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Day 6 - July 28, 2011 - Hinlopen Strait between Spitsbergen and Nordaustland, Svalbard, Norway

By Peter W. Damisch – Historian, General Naturalist, Cartographer & Polar Bear Guard

Co-ordinates: 79o 22’ S, 020o 41’ E
Weather: Brilliant Sunshine all day (and night) with virtually no wind
Air Temperature: 6o C / 43 o F
Pressure: 1017 HPa
Wind: 5 km / hour


The weather all day was simply perfect. It doesn’t happen as often as we would like but we had a combination of things that make for meteorological happiness in the Far North: 24 hours of sunshine with no cloud cover, almost no wind or wind chill, the lightest possible winds and nearly unlimited visibility.

Of course the Silver Explorer always tries to take advantage of every possible opportunity and today was no exception. I started out the morning with my Expedition Team Mates out on deck as the ship conducted ‘ice cruising’. This part of the voyage allows us to cover a great deal of ground while looking for wildlife that live on and amongst the ice floes, something that simply cannot be observed from land. As an added bonus we could also enjoy the great weather!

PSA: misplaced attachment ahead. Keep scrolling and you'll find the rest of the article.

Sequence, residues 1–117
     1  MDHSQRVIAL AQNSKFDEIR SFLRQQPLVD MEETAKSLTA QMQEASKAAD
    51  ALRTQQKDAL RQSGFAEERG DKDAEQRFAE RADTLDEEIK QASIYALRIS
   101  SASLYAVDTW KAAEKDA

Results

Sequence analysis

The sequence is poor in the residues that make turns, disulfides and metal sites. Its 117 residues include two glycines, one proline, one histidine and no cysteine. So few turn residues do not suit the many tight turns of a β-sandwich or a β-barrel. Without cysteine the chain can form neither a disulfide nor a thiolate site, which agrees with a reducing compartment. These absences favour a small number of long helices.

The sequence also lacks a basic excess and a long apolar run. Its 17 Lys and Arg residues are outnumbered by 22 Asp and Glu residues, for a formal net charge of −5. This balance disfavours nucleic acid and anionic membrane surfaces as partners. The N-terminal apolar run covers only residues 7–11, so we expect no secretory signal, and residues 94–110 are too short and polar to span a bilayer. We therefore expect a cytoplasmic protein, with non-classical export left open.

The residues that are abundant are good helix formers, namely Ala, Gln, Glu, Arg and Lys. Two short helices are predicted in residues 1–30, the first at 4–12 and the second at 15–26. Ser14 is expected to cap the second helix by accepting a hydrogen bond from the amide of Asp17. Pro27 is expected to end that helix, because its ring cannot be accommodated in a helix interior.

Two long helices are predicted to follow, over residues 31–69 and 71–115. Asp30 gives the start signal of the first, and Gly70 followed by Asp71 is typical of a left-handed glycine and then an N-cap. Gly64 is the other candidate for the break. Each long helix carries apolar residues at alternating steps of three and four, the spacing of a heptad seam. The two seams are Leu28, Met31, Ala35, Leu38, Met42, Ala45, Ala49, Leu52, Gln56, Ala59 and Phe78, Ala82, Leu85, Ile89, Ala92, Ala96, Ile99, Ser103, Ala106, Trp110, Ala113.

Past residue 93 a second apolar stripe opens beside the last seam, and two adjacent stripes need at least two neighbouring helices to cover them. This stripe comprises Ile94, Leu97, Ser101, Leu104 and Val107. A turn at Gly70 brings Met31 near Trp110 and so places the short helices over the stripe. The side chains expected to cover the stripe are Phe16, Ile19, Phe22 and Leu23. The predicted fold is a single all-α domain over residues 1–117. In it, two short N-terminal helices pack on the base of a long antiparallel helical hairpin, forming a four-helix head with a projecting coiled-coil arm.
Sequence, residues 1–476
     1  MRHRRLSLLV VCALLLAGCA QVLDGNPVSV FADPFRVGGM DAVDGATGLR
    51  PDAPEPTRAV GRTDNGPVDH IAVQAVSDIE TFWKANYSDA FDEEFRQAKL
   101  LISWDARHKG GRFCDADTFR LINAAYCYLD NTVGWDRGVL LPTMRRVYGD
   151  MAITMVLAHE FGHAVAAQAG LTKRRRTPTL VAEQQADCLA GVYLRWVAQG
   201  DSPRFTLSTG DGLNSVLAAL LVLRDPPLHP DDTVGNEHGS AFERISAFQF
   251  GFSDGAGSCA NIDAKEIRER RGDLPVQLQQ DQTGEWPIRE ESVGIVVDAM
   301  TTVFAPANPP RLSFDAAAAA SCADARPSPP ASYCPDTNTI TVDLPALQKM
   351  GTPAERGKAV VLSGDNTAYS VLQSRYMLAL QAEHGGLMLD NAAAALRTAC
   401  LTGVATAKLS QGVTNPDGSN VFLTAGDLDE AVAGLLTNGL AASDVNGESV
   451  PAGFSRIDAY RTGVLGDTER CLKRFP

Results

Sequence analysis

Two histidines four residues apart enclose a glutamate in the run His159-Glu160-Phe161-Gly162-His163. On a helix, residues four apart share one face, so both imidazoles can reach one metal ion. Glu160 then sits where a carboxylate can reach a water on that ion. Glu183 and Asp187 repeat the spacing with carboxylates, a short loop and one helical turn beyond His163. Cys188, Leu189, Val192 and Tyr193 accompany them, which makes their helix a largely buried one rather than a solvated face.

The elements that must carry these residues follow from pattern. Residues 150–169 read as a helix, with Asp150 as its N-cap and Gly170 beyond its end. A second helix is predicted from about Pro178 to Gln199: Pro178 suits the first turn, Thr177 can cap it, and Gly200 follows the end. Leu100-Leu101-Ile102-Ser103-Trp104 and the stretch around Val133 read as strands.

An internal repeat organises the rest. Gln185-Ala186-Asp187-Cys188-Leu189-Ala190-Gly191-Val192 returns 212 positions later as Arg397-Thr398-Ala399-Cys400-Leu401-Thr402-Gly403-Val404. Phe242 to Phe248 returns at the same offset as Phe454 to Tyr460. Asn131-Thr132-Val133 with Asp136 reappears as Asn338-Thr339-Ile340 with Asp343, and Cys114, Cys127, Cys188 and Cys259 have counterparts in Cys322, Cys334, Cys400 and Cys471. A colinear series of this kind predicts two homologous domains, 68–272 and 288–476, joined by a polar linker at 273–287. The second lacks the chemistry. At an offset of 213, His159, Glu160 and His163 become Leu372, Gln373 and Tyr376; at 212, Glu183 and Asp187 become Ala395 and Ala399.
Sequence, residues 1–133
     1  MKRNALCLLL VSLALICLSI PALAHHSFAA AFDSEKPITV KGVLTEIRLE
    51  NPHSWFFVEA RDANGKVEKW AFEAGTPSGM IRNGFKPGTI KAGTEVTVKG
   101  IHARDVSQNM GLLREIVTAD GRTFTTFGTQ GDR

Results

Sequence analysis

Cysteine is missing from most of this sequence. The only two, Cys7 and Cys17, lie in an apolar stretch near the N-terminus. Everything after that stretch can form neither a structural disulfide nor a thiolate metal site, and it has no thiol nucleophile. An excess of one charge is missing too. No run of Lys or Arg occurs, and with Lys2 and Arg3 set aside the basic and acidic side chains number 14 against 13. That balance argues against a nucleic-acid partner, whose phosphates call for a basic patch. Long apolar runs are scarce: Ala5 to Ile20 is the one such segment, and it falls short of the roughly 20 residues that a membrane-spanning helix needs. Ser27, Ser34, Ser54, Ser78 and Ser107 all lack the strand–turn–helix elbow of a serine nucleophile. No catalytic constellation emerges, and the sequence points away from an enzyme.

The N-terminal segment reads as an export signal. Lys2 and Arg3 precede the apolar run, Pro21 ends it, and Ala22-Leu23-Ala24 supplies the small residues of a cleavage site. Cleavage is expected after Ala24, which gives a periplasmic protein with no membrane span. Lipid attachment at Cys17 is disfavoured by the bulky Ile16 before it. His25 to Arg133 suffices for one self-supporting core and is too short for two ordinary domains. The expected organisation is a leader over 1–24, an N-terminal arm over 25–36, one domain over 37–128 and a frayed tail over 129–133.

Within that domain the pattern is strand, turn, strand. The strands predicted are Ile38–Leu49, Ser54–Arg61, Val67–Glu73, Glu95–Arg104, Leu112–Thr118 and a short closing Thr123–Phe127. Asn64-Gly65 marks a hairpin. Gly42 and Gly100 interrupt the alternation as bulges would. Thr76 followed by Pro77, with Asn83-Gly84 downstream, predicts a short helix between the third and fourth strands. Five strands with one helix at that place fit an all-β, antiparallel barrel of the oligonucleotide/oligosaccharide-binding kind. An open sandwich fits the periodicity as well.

Soon enough the combined efforts of many Expedition Team eyes looking through many pairs of binoculars rewarded us with our first of many sightings of Bearded Seals. These pinnipeds are a particular favorite of mine, perhaps because their whiskers seem to mimic my facial hair! Actually these animals can be found resting on the ice but always close to an escape path in case a polar bear comes by. Thus they can be quite ‘nervous’ when approached but our experienced bridge team and outstanding Captain were able to carefully and quietly maneuver the ship to close proximity with everyone on deck also cooperating by keeping conversations muffled with just a large number of camera clicks.